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Sustainable Business Network welcomes plastic bag ban

Fuseworks Media
Fuseworks Media

The Sustainable Business Network welcomes the Governments announcement today that single-use plastic bags will be phased out. It's another positive step towards a circular economy for New Zealand.

Rachel Brown, CEO of the Sustainable Business Network, says: The environmental impact of plastic packaging, particularly single-use plastic bags, is now well-known. But what many people dont realise is that theres a massive economic cost involved too because of resource wastage. The cost of packaging waste sits at around $80 billion globally and is rising as the costs of clean up are added. So the phasing out of single-use plastic bags is not only good for the environment, its good for the economy.

Plastic bags are just the tip of the iceberg. Thats why were working with 10 leading businesses to better understand New Zealands entire plastic packaging system. We need to radically change how we design, use and re-use plastics.

Members of the Sustainable Business Network are already on a mission to take responsibility for their own plastic packaging. We will continue to work with them and Government to create a new plastics economy. I hope all New Zealanders will get in behind this and support the retailers and manufacturers who are working to reduce the plastic waste in our environment.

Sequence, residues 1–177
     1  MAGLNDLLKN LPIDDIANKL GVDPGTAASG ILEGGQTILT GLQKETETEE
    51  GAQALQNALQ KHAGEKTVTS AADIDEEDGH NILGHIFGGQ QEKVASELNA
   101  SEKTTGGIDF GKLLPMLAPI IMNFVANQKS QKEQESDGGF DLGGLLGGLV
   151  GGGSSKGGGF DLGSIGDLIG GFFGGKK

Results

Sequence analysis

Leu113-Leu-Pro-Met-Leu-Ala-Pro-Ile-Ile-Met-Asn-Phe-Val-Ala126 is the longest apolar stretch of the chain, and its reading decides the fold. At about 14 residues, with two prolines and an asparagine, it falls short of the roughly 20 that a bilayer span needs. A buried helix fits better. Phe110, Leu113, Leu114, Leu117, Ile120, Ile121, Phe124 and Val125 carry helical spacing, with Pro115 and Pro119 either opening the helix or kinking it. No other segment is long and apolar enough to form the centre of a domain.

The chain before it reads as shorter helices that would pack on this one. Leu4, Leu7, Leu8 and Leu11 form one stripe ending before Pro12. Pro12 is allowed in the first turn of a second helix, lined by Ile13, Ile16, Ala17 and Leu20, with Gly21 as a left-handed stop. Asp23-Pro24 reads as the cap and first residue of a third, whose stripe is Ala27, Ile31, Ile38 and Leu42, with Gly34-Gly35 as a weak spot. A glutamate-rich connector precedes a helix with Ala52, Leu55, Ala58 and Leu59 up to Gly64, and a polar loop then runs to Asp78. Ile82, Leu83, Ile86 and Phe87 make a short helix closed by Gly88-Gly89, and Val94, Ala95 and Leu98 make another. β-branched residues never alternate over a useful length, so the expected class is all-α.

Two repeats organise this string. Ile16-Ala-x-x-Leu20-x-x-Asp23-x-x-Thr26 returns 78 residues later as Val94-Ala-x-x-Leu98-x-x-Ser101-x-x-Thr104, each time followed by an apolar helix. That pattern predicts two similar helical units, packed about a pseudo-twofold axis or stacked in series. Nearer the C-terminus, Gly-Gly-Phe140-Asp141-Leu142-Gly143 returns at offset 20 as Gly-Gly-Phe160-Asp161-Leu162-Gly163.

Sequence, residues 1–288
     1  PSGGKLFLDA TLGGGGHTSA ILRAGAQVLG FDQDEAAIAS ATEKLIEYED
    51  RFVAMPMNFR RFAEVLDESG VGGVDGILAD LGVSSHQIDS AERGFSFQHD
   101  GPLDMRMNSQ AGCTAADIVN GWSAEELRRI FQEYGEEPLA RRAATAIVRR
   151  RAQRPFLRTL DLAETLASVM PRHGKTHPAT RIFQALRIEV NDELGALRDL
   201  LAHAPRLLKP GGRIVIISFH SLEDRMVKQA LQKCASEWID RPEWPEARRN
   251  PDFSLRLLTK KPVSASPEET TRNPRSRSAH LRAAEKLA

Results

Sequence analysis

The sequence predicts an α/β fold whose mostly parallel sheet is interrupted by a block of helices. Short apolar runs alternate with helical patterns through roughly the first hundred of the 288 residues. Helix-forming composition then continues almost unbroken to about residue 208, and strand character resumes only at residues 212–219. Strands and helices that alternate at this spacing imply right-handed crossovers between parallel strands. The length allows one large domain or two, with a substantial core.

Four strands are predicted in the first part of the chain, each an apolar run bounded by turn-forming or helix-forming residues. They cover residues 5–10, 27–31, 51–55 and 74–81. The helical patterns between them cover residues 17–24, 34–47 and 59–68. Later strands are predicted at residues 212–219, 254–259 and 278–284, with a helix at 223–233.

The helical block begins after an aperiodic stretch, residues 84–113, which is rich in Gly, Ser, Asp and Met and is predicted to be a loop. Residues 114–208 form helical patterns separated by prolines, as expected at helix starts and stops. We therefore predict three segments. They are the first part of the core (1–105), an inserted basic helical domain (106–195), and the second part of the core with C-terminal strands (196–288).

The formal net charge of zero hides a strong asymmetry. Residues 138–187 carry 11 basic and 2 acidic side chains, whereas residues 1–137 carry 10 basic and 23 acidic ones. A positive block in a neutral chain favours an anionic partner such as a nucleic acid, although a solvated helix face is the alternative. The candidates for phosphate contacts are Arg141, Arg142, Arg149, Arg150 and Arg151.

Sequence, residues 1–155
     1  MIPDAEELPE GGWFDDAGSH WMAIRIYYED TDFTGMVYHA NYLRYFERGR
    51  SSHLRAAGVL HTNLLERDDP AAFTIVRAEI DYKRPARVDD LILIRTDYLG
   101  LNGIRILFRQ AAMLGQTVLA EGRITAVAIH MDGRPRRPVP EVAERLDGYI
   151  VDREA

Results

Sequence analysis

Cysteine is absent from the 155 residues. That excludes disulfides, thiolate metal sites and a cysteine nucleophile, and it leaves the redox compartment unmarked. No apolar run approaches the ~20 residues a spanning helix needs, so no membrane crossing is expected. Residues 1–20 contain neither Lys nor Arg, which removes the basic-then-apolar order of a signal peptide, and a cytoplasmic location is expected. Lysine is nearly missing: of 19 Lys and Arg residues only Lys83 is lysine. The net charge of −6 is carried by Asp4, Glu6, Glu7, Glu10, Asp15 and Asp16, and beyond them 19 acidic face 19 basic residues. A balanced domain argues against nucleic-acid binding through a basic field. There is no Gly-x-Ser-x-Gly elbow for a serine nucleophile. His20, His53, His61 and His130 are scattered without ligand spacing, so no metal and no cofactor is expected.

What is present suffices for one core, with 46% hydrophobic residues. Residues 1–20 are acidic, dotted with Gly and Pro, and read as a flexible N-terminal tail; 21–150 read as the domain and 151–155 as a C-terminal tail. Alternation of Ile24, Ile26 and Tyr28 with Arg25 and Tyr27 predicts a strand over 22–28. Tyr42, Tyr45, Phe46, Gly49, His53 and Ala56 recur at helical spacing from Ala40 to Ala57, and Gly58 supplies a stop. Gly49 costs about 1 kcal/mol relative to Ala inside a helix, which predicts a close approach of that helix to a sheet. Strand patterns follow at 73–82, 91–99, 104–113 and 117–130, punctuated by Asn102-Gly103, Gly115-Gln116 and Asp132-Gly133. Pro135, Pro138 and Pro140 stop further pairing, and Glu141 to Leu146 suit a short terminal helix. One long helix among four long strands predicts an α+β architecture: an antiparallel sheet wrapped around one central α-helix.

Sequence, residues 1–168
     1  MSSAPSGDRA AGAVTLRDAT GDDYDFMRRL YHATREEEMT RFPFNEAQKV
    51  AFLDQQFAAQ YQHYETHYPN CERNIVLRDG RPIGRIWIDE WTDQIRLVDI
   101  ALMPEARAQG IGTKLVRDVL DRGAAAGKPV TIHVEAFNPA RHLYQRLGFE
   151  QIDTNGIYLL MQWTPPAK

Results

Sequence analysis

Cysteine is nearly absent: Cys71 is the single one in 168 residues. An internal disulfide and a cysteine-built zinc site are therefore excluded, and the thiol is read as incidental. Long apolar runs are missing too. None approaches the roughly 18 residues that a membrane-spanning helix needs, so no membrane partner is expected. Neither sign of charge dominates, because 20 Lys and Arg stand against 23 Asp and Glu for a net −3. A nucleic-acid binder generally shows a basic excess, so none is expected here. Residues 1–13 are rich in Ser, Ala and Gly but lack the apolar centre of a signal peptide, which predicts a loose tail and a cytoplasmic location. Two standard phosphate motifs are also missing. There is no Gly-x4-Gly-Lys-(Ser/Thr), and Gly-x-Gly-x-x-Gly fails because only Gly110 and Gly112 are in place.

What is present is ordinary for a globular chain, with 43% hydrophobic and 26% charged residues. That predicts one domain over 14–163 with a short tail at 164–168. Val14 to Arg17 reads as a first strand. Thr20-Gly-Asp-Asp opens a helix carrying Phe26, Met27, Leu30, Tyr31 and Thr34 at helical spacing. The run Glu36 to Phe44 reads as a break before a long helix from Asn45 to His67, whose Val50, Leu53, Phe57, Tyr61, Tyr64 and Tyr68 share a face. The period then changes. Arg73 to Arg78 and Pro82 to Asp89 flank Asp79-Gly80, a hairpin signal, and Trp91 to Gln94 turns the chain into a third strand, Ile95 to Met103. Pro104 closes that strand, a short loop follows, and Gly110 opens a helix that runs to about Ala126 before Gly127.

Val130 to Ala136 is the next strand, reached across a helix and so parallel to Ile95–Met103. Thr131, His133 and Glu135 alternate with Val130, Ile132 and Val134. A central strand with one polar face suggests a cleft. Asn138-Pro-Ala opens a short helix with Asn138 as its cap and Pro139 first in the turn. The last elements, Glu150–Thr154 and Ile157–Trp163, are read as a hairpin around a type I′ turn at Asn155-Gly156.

The Sustainable Business Network (SBN) welcomes the New Zealand Plastic Packaging Declaration. This commits signatories to using 100% reusable, recyclable or compostable packaging in their New Zealand operations by 2025 or earlier. However SBN advocates for greater collaborative and co-ordinated focus across business, government and the community.

Rachel says: We need to do this to deliver ideally over-deliver to the commitments being made. The world is looking for solutions, so why not drive them from Aotearoa?

The Sustainable Business Networks Circular Economy Accelerator (CEA) is leading work to shift New Zealand from a take, make waste linear model to circular economy. This will be low carbon, waste free, and highly efficient.

In a circular economy the lifecycles of materials are maximised. Their use is optimised. At the end of life all materials are reutilised. Legislation, such as phasing out single-use plastic bags, is an important way to make the circular economy a reality across the entire economy.

James Griffin leads the Circular Economy Accelerator. He says:

To solve the plastics problem we need unprecedented co-operation and co-ordination across business, the community and Government. The CEA has started a process to identify issues across the plastic packaging system in New Zealand with support from Bluebird Foods, Coca-Cola Amatil (NZ), Countdown, Earthwise, ecostore, Freedom Farms, Lewis Road Creamery, My Food Bag, New Zealand King Salmon, and New Zealand Post.

While supporting the Governments initiative, James adds a note of caution.

The plastic packaging system is a complex one, which is also connected to other complex systems such as food and medicine," he says. We must be careful that any changes we make as we redesign this system do not have unforeseen consequences. The Government has worked well with business thus far and we anticipate they will continue to work flexibly with business as we all work to identify the best way to move forward.

What is abundantly clear is that no group, government or country can do this on its own. Its vital that we all continue to work together on this. Todays announcement is a clear signal that the government shares this view.

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